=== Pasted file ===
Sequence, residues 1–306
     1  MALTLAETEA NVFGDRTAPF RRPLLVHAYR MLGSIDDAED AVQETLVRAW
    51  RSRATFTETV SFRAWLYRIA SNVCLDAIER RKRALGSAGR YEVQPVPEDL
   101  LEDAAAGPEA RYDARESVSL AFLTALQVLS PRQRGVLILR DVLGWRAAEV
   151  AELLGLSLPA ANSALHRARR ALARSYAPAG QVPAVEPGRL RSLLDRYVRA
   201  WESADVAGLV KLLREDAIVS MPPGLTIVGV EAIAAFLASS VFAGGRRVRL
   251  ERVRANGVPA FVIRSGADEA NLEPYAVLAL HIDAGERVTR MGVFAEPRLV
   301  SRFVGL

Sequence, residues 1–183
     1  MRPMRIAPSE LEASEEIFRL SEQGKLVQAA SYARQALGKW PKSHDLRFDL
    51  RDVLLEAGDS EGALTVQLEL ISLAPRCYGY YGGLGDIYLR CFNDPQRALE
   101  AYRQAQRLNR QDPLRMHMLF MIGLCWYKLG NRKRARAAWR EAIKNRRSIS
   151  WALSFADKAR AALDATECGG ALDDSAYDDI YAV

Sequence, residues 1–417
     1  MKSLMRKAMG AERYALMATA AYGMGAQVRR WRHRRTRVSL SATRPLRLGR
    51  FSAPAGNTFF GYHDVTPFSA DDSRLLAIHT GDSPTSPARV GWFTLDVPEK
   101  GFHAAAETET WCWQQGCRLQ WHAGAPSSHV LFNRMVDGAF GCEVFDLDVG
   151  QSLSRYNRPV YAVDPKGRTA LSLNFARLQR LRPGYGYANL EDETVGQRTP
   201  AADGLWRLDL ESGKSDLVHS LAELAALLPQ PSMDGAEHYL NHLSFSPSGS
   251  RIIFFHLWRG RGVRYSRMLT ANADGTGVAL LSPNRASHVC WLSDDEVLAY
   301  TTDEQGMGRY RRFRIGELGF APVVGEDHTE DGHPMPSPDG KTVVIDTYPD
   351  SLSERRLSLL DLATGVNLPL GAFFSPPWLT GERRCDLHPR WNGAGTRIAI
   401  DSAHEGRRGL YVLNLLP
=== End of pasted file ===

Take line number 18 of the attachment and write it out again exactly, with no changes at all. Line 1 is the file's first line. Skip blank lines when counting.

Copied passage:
   151  QSLSRYNRPV YAVDPKGRTA LSLNFARLQR LRPGYGYANL EDETVGQRTP